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The Morning After: Leaving your Pixel 3 in a Lyft

And IFA 2018 wrap-up.

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Richard Lawler
September 3rd, 2018
Engadget
Engadget

Hey, good morning! You look fabulous.

Welcome back! While some in the US take Labor Day off, we're wrapping up our coverage from Europe's biggest tech show and testing some unpretty wearables and tiny compact cameras with incredible zoom skills. We also give our verdict on Honor's PUBG phone, the Play.


The EOS R would directly challenge Nikon's Z6.Canon's full-frame mirrorless camera leaks in vivid detail

Leaked details of Canon's new full-frame mirrorless camera, the EOS R, have spilled most of the beans. It has a 30.3-megapixel full-frame cam that would primarily compete with the Nikon Z6 and Sony's A7 III. The design would thrive on low-light photography with a wide ISO 100 to 40,000 normal sensitivity (up to ISO 102,400) and the company's familiar dual-pixel autofocusing. Those aren't exceptional specs given the increasingly competitive full-frame mirrorless space, but there would be a few twists that might give it an edge over its rivals.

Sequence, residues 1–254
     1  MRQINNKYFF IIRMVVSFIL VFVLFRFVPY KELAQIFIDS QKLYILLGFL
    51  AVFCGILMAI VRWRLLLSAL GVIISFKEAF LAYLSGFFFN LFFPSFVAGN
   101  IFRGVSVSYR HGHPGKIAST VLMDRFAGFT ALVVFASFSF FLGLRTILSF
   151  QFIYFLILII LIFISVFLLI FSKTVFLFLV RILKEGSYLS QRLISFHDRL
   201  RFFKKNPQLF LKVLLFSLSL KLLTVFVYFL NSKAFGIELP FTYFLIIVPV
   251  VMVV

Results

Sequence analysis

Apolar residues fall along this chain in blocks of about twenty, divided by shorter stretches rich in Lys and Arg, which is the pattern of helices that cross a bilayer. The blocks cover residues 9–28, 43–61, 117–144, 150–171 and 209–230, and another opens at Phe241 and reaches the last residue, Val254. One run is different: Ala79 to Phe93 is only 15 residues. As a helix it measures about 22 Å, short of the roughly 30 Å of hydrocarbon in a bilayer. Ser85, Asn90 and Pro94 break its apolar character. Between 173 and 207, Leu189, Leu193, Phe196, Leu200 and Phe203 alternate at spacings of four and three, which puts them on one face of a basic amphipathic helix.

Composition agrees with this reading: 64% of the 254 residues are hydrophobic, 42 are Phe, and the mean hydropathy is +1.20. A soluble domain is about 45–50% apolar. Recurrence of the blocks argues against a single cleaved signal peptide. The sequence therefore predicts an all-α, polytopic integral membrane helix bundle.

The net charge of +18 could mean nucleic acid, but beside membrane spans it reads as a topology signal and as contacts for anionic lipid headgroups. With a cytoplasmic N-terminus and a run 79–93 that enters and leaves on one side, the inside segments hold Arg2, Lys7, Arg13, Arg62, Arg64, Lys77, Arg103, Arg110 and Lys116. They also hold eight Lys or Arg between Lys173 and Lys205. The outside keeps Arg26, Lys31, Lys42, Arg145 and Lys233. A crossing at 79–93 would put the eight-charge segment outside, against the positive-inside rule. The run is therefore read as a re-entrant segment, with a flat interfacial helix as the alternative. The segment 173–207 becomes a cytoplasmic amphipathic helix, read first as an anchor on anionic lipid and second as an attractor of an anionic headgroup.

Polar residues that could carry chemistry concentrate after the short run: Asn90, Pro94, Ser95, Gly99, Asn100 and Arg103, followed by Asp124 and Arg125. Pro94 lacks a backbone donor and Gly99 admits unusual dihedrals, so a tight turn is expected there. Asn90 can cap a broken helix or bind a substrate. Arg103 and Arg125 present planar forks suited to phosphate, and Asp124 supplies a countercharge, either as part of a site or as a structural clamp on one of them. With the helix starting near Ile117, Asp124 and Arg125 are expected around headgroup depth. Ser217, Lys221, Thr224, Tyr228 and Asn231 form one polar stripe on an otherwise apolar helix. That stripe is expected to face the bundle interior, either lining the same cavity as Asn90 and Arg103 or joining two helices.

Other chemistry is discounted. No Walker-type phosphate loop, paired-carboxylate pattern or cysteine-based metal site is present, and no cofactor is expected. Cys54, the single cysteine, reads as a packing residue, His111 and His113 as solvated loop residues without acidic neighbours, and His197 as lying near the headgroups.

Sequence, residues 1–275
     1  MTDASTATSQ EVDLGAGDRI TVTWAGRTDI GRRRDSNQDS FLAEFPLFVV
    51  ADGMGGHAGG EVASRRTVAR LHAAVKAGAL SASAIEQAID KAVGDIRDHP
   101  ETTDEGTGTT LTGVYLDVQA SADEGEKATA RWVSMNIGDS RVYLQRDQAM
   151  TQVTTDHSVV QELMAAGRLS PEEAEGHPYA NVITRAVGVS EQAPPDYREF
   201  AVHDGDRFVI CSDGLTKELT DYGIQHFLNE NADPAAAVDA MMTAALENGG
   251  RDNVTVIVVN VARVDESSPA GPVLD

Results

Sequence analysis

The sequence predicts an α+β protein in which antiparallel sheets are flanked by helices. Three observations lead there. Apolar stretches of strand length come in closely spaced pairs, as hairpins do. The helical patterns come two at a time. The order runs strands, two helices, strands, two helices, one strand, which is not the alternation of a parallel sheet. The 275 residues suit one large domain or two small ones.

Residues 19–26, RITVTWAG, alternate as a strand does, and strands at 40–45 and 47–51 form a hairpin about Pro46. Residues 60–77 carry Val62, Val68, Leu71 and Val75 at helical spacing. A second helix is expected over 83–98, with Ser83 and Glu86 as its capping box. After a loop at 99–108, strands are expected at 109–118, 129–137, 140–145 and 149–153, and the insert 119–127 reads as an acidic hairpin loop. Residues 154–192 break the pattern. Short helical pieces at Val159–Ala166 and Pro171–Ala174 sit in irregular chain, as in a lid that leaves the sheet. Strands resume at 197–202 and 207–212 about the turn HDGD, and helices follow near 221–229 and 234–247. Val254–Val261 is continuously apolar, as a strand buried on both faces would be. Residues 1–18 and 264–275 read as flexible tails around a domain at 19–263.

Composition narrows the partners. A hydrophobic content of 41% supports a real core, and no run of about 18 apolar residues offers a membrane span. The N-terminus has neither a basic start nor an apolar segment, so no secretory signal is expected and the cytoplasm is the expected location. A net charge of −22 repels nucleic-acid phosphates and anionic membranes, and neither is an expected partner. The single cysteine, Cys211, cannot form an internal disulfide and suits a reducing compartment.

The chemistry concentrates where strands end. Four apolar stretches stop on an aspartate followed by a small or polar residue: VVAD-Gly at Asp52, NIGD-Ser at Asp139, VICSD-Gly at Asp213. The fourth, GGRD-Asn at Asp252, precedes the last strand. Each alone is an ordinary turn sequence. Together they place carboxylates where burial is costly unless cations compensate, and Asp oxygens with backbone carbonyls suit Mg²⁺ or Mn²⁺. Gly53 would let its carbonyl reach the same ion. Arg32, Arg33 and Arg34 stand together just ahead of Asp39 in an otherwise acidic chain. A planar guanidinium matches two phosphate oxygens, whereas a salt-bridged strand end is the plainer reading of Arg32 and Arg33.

For one, the EOS R appears to have a horizontal-swivel touchscreen -- unlike its Nikon and Sony counterparts, this might work for video blogging. There's also a touch strip on the back that could offer finer control than a dial.


We test the tiny Cybershot HX99 and its 30x superzoom.Sony's new HX99 compact camera does things your smartphone can't

At a time when everyone is carrying around a generally capable camera inside their smartphone, compact cameras have struggled to stay relevant. Barring Sony's own wonderful RX100 series and Fujifilm's X100F family, the world of point-and-shoots is usually an unremarkable one. Sony's only camera announcements at IFA 2018 were intriguing, at least. It revealed two cameras, the Cybershot HX99 and HX95, which cram a technically impressive 30x, 24-720mm f/3.5-6 equivalent zoom lens into a 1.5-inch wide camera frame. Tiny camera, huge zoom.


They might have led to brain injuries, too.Embassy sonic attacks may have been microwave blasts

When researchers postulated that the sonic attacks on embassies in Cuba (and more recently, China) were the fault of malfunctioning surveillance gear, that wasn't the end to concerns about the true cause... if anything, there's more worry than ever. The University of Pennsylvania's Douglas Smith (who led a paper discussing the trauma of embassy victims) said in an interview that microwave blasts are now considered primary candidates.


It wasn't made for its legibility.This funky new font is made up entirely of brands

A digital studio called Hello Velocity has created a typeface that embraces well-known corporate logos that is still somehow far less annoying than Comic Sans.


Keeping up with the Elons.Tesla's Roadster prompts Koenigsegg to rethink its supercars

In a chat with Top Gear, Koenigsegg's namesake founder Christian von Koenigsegg revealed that his company started reworking its engines just to remain competitive with the Roadster's vaunted 1.9-second 0-60MPH time.

But wait, there's more...


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